Lt. Col. Alexander Vindman faced questioning from the House Intelligence Committee's Republican counsel Steve Castor during Tuesday's impeachment hearing about an offer to become Ukraine's defense minister, which Vindman denounced as "rather comical."

Why it matters: Vindman, the National Security Council's top Ukraine expert, has faced unsubstantiated cable news attacks questioning his loyalty to the U.S. because of the fact that he immigrated from Ukraine as a young child.

  • Castor's line of questioning touched on whether the offer, which came Alex Danylyuk, a former aide to Ukrainian President Volodymyr Zelensky, was in Ukrainian or English. Vindman answered that it was the latter.
  • Vindman said he "immediately dismissed the offers" and "did not entertain them" — and testified that he reported them up his chain of command.

What he said: "Frankly, it's more important about what my American leadership, my American chain of command thinks. ... These are honorable people, I'm not sure if he meant it as a joke or not — but it's much more important what my civilian White House and National Security Council chain of command thinks more than anyone else."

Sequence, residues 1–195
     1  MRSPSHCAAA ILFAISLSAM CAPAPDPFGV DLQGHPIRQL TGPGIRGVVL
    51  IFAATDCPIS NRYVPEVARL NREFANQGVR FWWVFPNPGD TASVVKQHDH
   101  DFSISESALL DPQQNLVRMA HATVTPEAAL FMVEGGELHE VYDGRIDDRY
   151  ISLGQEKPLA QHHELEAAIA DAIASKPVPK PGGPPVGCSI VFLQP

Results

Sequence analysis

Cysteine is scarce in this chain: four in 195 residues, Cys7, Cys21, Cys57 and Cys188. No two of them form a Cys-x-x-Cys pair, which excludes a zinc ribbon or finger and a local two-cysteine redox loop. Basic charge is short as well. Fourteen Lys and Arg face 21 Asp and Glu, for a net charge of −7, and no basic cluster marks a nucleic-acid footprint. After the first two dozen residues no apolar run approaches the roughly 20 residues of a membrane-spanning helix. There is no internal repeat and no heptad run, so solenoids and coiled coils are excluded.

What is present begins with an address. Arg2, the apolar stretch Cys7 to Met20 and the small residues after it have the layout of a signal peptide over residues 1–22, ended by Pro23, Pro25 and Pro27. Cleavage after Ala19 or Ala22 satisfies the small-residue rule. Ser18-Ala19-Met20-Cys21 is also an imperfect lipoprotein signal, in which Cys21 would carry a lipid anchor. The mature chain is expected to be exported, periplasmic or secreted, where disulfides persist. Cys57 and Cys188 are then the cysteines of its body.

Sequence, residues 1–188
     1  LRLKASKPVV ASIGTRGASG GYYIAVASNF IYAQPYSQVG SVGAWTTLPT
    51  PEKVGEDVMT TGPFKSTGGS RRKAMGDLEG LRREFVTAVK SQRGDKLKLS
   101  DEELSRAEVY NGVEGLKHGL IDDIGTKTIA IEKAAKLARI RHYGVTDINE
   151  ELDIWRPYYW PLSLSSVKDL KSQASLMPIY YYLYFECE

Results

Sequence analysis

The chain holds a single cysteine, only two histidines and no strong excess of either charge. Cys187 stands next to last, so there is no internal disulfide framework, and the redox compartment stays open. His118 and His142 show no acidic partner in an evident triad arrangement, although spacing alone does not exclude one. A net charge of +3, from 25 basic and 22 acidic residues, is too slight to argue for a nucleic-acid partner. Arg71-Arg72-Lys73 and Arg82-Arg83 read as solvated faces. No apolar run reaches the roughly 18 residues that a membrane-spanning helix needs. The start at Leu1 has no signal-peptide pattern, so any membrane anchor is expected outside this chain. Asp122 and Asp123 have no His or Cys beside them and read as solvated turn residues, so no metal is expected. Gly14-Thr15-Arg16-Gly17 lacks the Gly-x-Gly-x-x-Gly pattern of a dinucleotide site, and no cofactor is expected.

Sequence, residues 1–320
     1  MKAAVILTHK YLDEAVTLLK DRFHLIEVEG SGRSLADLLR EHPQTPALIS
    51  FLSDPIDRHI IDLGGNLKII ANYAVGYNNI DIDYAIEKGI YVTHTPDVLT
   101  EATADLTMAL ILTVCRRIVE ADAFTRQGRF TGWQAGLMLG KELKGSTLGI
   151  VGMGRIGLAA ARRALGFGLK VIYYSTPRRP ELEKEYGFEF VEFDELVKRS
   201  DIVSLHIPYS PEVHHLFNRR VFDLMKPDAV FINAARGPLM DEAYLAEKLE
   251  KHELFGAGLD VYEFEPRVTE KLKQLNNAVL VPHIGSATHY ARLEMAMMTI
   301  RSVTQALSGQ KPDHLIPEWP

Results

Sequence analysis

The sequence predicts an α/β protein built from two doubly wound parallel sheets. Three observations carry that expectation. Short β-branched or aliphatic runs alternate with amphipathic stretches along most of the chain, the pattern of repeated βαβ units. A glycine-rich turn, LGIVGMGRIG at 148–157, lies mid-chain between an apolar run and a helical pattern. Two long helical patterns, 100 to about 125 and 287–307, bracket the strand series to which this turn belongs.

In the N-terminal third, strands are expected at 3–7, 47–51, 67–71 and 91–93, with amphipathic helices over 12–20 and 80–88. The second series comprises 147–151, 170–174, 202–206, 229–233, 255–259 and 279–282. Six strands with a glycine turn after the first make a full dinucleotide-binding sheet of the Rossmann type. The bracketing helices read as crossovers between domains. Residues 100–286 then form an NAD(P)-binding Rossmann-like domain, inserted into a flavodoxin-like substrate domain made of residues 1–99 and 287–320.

• "And, frankly, if they were concerned about me being able to continue my duties, they would have brought that to my attention."

Go deeper: Live updates from the Vindman-Williams impeachment hearing

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What to expect from the final debate of the 2020 election

Trump and Biden at the first debate. Morry Gash-Pool/Getty Image

Watch for President Trump to address Joe Biden as “the big guy” or “the chairman” at tonight's debate as a way of dramatizing the Hunter Biden emails. Hunter's former business partner Tony Bobulinski is expected to be a Trump debate guest.

The big picture: Trump's advisers universally view the first debate as a catastrophe — evidenced by a sharp plunge in Trump’s public and (more convincingly for them) private polling immediately following the debate.

Updated 1 hour ago - Politics & Policy

Coronavirus dashboard

Illustration: Aïda Amer/Axios

  1. Politics: Chris Christie: Wear a mask "or you may regret it — as I did" — Senate Democrats block vote on McConnell's targeted relief bill.
  2. Business: New state unemployment filings fall.
  3. Economy: Why the stimulus delay isn't a crisis (yet).
  4. Health: FDA approves Gilead's remdesivir as a coronavirus treatment How the pandemic might endMany U.S. deaths were avoidable.
  5. Education: Boston and Chicago send students back home for online learning.
  6. World: Spain and France exceed 1 million cases.

FBI: Russian hacking group stole data after targeting local governments

FBI Headquarters. Photo: Mark Wilson/Getty Images

Energetic Bear, a Russian state-sponsored hacking group, has stolen data from two servers after targeting state and federal government networks in the U.S. since at least September, the FBI and Cybersecurity and Infrastructure Security Agency said on Thursday.

Driving the news: Director of National Intelligence John Ratcliffe announced Wednesday that Iran and Russia had obtained voter registration information that could be used to undermine confidence in the U.S. election system.